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Gesellschaft zur Förderung von Museen in Äthiopien e.V.
Society for the Promotion of Museums in Ethiopia

Speech held by the President of the Society for the Promotion of Museums in Ethiopia e.V., Dr. Kerstin Volker-Saad, on the opening event on October 18, 2015

Your honorable President Abay, Your Excellency Deputy Minister of Culture and Tourism Mulugheta Said, Your Excellency Ato Dawit Haile, Honorable Mayor Ato Gebremedhin, Dear Excellency Ambassador Schmidt, Dear Professor Ephraim Isaac, Dear Members of the Advisory Board, Dear Ato Kebede and Professor Wenig, Dear assembled community of WUKRO, Dear friends of the Wukro Museum, Ladies and Gentlemen

Representing the Society for the promotion of museums in Ethiopia, I have the great honor to say a few words about the beginning of why and how this Ethio-German museum’s project came into being and which role our society played in the founding process.

Our bi-lateral story begins in 2007, after archaeologists of the TCA had done an emergency excavation at Meqaber Ga’ewa and the first contact between Prof. Wolbert Smidt, Prof. Steffen Wenig and Ato Kebede Amare evolved. Prof. Wenig was soon after asked to perform an archaeological survey. The news about outstanding finds from this excavation site spread quickly in experts’ circles. In 2008 the Orient Department of the German Archaeological Institute in cooperation with the University of Jena, namely Prof. Dr. Riccardo Eichmann and his field director the archaeologist Dr. Pawel Wolf with his German-Ethiopian team, discovered at Meqaber Ga’ewa the Almaqah Temple from the Ethio-Sabaean period which was soon judged as being unique in Ethiopia. In a time with increasing worldwide illicit art and antique dealings the concern about the protection and conservation of these objects lead to the idea of building a Museum in Wukro. As everybody of you knows very well from one’s own experience, ideas are cheap, but the realization of it needs dedicated people, bi-laterally shared responsibilities, a lot of money and much good will.

What followed was, from my perspective, a lucky interplay between several individuals, German and Ethiopian institutions and tremendously engaged people and supporters who would join in, share the spirit, do the jobs and donate money.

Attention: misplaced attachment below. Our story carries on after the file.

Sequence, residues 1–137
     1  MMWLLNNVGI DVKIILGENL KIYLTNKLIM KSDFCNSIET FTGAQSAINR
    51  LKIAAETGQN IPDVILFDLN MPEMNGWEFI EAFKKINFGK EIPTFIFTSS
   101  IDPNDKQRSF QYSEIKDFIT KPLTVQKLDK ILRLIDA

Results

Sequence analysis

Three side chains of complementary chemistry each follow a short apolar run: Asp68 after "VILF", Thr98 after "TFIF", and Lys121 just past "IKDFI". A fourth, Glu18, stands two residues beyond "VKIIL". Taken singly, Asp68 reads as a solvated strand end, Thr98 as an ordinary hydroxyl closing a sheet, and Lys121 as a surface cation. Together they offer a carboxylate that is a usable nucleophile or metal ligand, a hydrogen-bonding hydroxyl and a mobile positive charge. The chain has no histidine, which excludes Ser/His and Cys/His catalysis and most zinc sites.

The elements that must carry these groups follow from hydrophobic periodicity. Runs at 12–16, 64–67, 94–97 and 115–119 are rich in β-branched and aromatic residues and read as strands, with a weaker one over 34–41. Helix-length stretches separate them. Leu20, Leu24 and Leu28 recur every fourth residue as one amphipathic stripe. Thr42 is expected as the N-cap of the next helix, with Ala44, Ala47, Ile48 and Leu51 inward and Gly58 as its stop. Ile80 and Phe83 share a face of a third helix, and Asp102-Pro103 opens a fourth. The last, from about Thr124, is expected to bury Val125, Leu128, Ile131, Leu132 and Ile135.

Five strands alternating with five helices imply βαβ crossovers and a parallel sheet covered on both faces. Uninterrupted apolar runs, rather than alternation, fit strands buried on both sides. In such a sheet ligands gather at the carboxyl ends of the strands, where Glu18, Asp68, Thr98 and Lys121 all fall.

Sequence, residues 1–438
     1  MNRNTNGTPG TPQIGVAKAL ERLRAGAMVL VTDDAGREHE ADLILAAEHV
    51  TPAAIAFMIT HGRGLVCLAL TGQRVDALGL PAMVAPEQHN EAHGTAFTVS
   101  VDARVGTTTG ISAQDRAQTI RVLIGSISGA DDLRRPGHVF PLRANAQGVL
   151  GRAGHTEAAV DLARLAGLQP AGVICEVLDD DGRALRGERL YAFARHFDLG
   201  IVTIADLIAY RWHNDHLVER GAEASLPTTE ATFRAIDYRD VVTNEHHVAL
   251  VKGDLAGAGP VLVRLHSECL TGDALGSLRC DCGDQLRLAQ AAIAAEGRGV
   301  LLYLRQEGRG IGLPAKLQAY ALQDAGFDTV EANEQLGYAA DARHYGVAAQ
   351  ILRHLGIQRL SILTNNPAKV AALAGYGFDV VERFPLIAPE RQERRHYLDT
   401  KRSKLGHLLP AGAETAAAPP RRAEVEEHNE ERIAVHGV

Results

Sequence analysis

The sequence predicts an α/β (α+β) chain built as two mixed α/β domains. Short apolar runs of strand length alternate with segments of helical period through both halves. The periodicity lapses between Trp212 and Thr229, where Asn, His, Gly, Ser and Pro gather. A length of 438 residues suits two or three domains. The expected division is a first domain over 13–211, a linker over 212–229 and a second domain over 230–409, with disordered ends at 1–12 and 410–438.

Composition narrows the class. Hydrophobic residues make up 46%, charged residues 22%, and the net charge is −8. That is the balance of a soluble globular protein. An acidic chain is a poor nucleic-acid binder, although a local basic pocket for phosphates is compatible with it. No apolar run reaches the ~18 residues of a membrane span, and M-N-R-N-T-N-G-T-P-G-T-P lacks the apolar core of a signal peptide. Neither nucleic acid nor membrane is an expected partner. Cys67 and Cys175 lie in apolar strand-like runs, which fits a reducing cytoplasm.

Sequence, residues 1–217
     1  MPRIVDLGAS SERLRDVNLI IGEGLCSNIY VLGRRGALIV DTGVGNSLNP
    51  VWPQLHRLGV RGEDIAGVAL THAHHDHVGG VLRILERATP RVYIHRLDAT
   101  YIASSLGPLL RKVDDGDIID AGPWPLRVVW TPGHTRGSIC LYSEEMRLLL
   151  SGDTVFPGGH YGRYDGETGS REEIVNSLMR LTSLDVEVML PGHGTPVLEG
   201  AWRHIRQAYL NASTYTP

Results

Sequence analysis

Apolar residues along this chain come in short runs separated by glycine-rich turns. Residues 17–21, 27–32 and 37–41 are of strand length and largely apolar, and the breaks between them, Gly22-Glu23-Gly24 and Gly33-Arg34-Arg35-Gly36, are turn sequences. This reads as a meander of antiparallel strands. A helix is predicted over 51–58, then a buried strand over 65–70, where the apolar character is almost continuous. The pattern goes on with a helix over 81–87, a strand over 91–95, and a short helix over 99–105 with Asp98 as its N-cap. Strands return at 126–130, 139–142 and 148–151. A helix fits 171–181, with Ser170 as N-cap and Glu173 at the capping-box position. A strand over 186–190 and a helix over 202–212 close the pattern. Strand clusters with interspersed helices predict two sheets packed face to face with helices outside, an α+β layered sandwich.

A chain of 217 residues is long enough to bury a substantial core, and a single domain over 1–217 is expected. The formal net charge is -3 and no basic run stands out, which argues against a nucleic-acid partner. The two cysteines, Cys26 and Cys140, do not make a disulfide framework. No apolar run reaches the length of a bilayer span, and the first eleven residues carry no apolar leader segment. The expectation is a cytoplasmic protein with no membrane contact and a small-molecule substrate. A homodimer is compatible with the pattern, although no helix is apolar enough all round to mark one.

In Germany the Society for the Promotion of Museums in Ethiopia was founded in Berlin in 2009 as a non-profit organization with the aim to support and advise Ethiopian institutions in planning, building and realizing museum projects. The planning of the Archaeological and Ethnographical Museum Wukro - our then valid working title - started soon after. In Wukro the Culture and Tourism Agency of the State of Tigray, nowadays the Culture and Tourism Bureau - CTB - was our designated partner on the Ethiopian side. A piece of land with an old generator building on the road to Atsby was chosen by the municipality of Wukro to be a possible location for the new museum.

In the following year a limited architectural competition was launched by the German Society. The architectural drafts were then evaluated both by us and the CTA. The winner of this competition was the architectural bureau Nedelykov & Moreira in Berlin. Their architectural proposal reflected in many ways the specific needs of this project. They considered the intercultural nature, the possibility to start with a small museum which could be extended, if needed; the specific geo-climatic conditions of Tigrai and our limited funds. The architectural drafts were the basis for the cost calculations in Tigrai. However, the result of the bidding almost brought this enthusiastically started project to a fast end, because the building boom of an awakened provincial town resulted in outrageously high prices in the construction sector. Solutions had to be found and a substantial loan from one family, who would like to stay anonymous and other generous supporters plus the Tigraian government made it possible that the building process was able to start under the supervision of the Wukro Building Department in 2013.

After a three years planning and building period during which the architect Pedro Moreira and a Senior expert Christoph Melchers as well as members of our board like Prof. Wenig, Nina Melchers and her husband  Dr. Konrad Melchers - travelled many times to the construction site to overlook the progress and follow up the process, the first part of the planned museum’s complex with 940 qm was finished in December 2014. In Wukro Ato Haylay Teklay had accompanied this building phase highly committed, reliable and with much expertise. The museum buildings were handed over to our partner TCA in time and within the given financial frame.

The Museum complex consists of the following elements:

The historic Generator building in which the first diesel-driven Generator of Wukro is located. Both the building and the generator are regarded as industrial heritage and have been carefully conserved by Prof. Keller and Dietmar Linke and their students of the Conservation Department of the University of Applied Science (HTW) in Berlin.

This building serves as a foyer for the museum and as a multifunctional event- and conference center as well as a café.

The newly constructed buildings are the exhibition hall for the archaeological finds, a store room for old and new finds from missions from the nearby area, a workshop for restoring and an administration building. Next to the entrance the tourist office on the ground floor welcomes visitors. Some features like the surrounding wall and a water tower with a watchman shelter are planned for next year to be realized. The costs for the buildings were shared; 60 % were taken over by the German society and 40% by the Tigray Regional State Government.